Preparing for the $20 mobile paradigm
Mobile Mentor’s CEO Denis O’Shea believes we are approaching what he calls the “$20 mobile paradigm”By Vera Alves, Auckland | Wednesday, 20 March 2013
Mobile Mentor’s founder and CEO Denis O’Shea says the BYOD trend is “simply a phase that will lead us into a future situation”.
He describes that future as the “$20 mobile paradigm”, explaining that, by 2020, he predicts that people will be able to buy a smart device for $20, have unlimited mobile service for $20/month and build an enterprise mobile app in 20 minutes.
O’Shea belives the “matrix of considerations of BYOD” will be resolved in the next five years, with long term benefits including the much discussed productivity gains, along with staff satisfaction and front line innovation.
“BYOD is intensely personal. If we get it right, we can really empower the user,” said O’Shea at his presentation at IDC’s Enterprise Mobility Conference, in Auckland last month. According to the CEO, being an SMB is no reason to lag behind. “When the business models change, it is the fast who eat the slow, not the big who eat the small.”
O’Shea also believes that this mobile transformation is led from the bottom up, with users driving the adoption of mobile devices, as those are the workers who get the biggest benefits out of it. “BYOD facilitates the mobility of the masses, that’s where the real benefit is, not at the executives at the top of the pyramid,” he says. “If we can mobilise the people who work on the land, restaurants, stacking shelves in supermarket, farms, in large production environments, that is where the real opportunity lies and BYOD is the catalyst to get there,” he adds.
Enterprise mobile applications will be easily created by anyone in the future and he says HTML 5 is opening that development up to anyone. "We are very excited about HTML 5. It levels the playing field," he says.
Speaking at the same event, Charles Anderson, IDC's associated VP and head of the Asia Pacific telecom practice, said that the enterprise mobility market in the Asia Pacific (excluding Japan) will increase from US$6.9 billion in 2013 to US$12.8 billion in 2017. The New Zealand market, he added, will grow at a 18.9 percent compound annual growth rate through 2017.
According to Anderson, in New Zealand the highest growth rate will be in mobile value-added services. "Companies are buying tablets either as a laptop replacement or to integrate into a business process. You are going to see tablets become more and more important in the enterprise," he added. "BYOD isn't a trend, it's the norm," he says. "Companies will revisit their mobility deployments and strategies in 2013," he adds, saying that this year will see "the mobilisation of the business processes".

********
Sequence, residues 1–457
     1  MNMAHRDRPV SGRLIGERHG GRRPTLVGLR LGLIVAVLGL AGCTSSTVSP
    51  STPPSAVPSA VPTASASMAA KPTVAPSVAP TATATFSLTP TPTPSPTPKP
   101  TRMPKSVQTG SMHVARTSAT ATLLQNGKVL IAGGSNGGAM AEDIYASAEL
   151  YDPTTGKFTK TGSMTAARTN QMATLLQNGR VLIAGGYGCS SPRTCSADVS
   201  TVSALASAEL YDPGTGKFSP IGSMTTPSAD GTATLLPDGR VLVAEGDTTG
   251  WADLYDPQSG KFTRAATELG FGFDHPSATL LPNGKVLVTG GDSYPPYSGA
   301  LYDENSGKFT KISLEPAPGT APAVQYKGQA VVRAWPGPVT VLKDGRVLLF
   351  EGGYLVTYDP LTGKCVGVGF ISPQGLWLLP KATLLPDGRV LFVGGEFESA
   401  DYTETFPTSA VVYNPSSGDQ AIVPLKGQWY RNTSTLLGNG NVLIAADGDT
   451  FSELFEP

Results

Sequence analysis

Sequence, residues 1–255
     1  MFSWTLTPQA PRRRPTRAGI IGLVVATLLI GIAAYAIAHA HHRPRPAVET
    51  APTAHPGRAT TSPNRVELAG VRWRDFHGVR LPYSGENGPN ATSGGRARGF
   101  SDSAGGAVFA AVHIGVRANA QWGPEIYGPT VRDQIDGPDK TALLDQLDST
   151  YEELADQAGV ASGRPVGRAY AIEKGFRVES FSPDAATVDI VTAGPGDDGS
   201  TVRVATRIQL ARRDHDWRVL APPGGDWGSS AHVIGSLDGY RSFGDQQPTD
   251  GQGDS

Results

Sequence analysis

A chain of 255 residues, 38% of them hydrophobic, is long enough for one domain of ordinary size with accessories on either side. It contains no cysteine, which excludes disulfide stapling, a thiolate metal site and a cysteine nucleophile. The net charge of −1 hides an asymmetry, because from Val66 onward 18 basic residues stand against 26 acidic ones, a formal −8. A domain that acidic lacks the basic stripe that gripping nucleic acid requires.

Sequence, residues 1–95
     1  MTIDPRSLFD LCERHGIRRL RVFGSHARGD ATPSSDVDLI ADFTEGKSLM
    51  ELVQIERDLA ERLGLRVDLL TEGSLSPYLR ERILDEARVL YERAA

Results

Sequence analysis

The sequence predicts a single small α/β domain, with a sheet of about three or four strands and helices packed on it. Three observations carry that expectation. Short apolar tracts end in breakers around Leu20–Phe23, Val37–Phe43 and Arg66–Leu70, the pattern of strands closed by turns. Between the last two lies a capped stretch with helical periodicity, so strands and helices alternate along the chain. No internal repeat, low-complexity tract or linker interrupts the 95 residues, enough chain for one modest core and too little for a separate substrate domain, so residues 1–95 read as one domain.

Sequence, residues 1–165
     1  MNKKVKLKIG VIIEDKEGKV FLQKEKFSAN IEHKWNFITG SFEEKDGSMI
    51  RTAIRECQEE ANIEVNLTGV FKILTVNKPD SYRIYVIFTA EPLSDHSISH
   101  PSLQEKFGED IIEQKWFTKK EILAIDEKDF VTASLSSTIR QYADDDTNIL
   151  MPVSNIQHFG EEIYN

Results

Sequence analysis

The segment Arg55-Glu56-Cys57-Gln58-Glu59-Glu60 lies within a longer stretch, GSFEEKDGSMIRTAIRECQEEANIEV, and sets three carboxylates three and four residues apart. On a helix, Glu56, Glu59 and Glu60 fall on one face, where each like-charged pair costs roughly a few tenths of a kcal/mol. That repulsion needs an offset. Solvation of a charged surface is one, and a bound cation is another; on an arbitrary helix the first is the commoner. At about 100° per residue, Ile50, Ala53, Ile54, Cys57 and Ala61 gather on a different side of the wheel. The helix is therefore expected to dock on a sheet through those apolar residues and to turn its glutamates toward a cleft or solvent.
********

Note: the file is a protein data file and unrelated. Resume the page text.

These predictions may seem crazy on the surface but consider the following:
In 2012 you could buy a tablet running android 4.2 for just US$60. The industry prediction is that the bill of materials for a standard mobile device will be $US10, which means that a NZ$20 retail price is feasible. Of course there will always be a shiny new device for $1000 but a $20 device may be good enough for many people.
Republic Wireless sells an unlimited wireless plan for US$19. The secret is that it is a mix of WiFi and cellular - and this is the future. WiFi in our homes, office and public transport and cellular in between. Also consider that the cost of mobile data and landline data will eventually converge which means mobile data will cost a lot less than today #.. but of course we will costume a lot more. Looking at the way rates have dropped in Australia, we believe $20 plans will eventually happen.
Building a iOS native app in 20 minutes has been possible since 2009 and with a platform like BlinkMobile we can already create enterprise apps and forms very quickly. HTML5 and standard code libraries are the secret to rapid app deployment.
Posted by Denis O'Shea at 10:38 on March 21, 2013
Mobile Mentor doesn't produce any mobile devices, or run a mobile network. I don't even think it employs any developers and building enterprise mobile apps. Sorry Denis your comments lacks credibility.
Posted by Cloudy Computing at 16:34 on March 20, 2013
Very naive analysis, three problems with this theory:
1. $20 handset, the manufacturers don't make any money.
2. Nobody wanting to BYOD will want it.
3. $20 unlimited mobile service, telcos don't make any money
Posted by Anonymous at 01:18 on March 20, 2013
If the price of a mobile device is going to drop to $20 by 2020 where will the quoted $5.9 billion growth in mobile device sales come from between now and 2017? Will we end up buying more phones because one is not enough or will the price drop to $20 only happen after 2017.
Posted by Andrew at 12:35 on March 20, 2013
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